Fashion Study, French Vogue, August, 1975; Fashion Study, French Vogue, March, 1976 Two chromogenic prints. (i) 28.1 x 40.7 cm (11 1/8 x 16 in.) (ii) 29.2 x 41.5 cm (11 1/2 x 16 3/8 in.) Estimate £4,000-6,000 $5,700-8,500 €5,000-7,600 ‡ ♠ Provenance From the artist to Nancy Hall-Duncan Christie’s, London, by private treaty, November 2006 Christie’s, New York, Icons of Glamour and Style: The Constantiner Collection Part II, 12 February 2009, lots 30, 75 Phillips, London, 8 May 2013, lot 1 Literature S. Verthime, ed., Guy Bourdin: In Between, Steidl, 2010, pp. 124-125, 190

130. Helmut Newton

1920-2004

Winnie at the Negresco, Nice, 1975 Gelatin silver print. 33.6 x 23 cm (13 1/4 x 9 in.) Signed and dated in ink in the margin; titled, dated, annotated ‘Photographed at the Negresco, Nice’ in ink and ‘Paris, France’ copyright credit reproduction limitation stamp on the verso. Estimate £5,000-7,000 $7,100-10,000 €6,300-8,800 Provenance Acquired directly from the artist Private Collection Sotheby’s, London, by private treaty, May 2009 Literature Helmut Newton: Private Property, Schirmer/Mosel, 1989, pl. 2 N. Angeletti, A. Oliva, In Vogue: The Illustrated History of the World’s Most Famous Fashion Magazine, Rizzoli, 2012, p. 70

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131. Lillian Bassman

1917-2012

Barbara Mullen, New York, Harper’s Bazaar, circa 1958 Gelatin silver print, printed later. 47 x 36.3 cm (18 1/2 x 14 1/4 in.) Signed and numbered 23/25 in pencil on the verso. Estimate £3,000-5,000 $4,300-7,100 €3,800-6,300 † Provenance Peter Fetterman Gallery, Santa Monica Literature Lillian Bassman, Bulfnch, 1997, pl. 50 D. Solomon, Lillian Bassman: Women, Abrams, 2009, n.p.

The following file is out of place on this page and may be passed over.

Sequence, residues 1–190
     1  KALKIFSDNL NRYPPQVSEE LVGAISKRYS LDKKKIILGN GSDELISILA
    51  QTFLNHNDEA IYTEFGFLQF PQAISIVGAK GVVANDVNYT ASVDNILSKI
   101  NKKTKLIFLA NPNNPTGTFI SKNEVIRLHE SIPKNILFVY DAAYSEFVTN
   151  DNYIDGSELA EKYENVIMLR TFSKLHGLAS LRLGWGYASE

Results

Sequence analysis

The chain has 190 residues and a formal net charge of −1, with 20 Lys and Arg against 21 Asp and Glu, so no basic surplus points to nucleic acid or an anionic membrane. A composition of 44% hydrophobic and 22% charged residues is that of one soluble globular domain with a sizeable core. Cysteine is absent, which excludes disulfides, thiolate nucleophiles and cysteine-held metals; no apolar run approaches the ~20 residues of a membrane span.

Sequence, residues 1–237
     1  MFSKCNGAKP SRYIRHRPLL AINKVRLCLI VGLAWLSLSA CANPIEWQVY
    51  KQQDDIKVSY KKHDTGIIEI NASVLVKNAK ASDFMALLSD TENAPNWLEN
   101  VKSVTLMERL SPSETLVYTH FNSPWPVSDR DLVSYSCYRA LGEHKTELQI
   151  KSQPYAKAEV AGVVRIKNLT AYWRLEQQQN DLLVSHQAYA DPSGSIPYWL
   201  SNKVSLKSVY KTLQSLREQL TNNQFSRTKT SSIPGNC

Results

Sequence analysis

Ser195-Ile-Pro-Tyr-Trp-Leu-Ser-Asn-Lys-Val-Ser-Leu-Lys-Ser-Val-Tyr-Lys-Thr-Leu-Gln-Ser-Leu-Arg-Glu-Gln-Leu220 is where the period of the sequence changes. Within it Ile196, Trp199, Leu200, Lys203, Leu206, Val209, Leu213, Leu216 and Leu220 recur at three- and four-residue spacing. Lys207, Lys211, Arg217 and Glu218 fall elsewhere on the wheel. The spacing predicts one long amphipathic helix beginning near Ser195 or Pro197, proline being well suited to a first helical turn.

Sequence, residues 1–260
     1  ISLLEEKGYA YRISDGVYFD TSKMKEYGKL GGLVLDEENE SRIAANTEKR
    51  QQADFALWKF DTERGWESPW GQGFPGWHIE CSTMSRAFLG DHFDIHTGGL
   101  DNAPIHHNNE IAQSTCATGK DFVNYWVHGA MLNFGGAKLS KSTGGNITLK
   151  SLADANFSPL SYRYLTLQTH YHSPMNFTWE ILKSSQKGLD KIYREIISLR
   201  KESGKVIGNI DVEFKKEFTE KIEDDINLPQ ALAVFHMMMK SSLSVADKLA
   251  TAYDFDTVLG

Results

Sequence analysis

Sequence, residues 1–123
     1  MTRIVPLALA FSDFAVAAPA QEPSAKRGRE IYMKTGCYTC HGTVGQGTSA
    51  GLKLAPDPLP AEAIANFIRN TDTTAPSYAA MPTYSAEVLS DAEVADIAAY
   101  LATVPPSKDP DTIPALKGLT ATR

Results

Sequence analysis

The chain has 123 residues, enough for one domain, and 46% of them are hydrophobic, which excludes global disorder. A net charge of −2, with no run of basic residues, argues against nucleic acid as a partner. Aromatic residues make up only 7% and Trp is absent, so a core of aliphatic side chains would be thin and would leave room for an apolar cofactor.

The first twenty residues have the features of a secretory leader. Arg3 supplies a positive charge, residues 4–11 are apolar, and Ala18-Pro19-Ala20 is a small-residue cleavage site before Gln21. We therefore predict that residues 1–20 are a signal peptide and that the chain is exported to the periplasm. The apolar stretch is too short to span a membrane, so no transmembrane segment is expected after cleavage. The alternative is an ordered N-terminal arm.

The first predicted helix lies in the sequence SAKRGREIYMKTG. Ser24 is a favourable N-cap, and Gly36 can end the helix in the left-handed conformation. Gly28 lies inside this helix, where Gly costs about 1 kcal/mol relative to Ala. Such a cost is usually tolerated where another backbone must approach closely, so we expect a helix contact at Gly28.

132. Lillian Bassman

1917-2012

Margie Cato (Test Shoot), New York, 1950 Gelatin silver print, printed later. 32.6 x 25 cm (12 7/8 x 9 7/8 in.) Signed and numbered 8/25 in pencil on the verso. Estimate £2,000-3,000 $2,800-4,300 €2,500-3,800 † Provenance Peter Fetterman Gallery, Santa Monica Literature D. Solomon, Lillian Bassman: Women, Abrams, 2009, p. 193

133. Irving Penn

1917-2009

Black and White Fashion (with handbag) (Jean Patchett), New York, 1950 Selenium toned gelatin silver print, printed 1984. 41 x 36.7 cm (16 1/8 x 14 1/2 in.) Signed, titled, dated, initialled in ink, Condé Nast copyright credit (courtesy Vogue) reproduction limitation, credit and edition stamps on the reverse of the fush-mount. One from an edition of 14. Estimate £35,000-45,000 $49,800-64,000 €44,100-56,700 Provenance Hamiltons Gallery, London Christie’s, New York, Icons of Glamour and Style: The Constantiner Collection, 17 December 2008, lot 164 Phillips, London, 18 November 2014, lot 148

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134. Ormond Gigli

b. 1925

Girls in the Windows, New York City, 1960 Archival pigment print, printed later. 78.7 x 78.7 cm (31 x 31 in.) Signed, dated, annotated ‘New York City’ and numbered 10/75 in ink in the margin. Estimate £15,000-20,000 $21,300-28,500 €18,900-25,200 ‡ Provenance Acquired directly from the artist Literature Refections in a Glass Eye: Works from the ICP, Little, Brown, 2000, pl. 63 P. Fetterman, Woman: A Celebration, Chronicle, 2003, pl. 48 O. Gigli, Girls in the Windows And Other Stories, powerHouse, 2013, cover and p. 23

135. Richard Avedon

1923-2004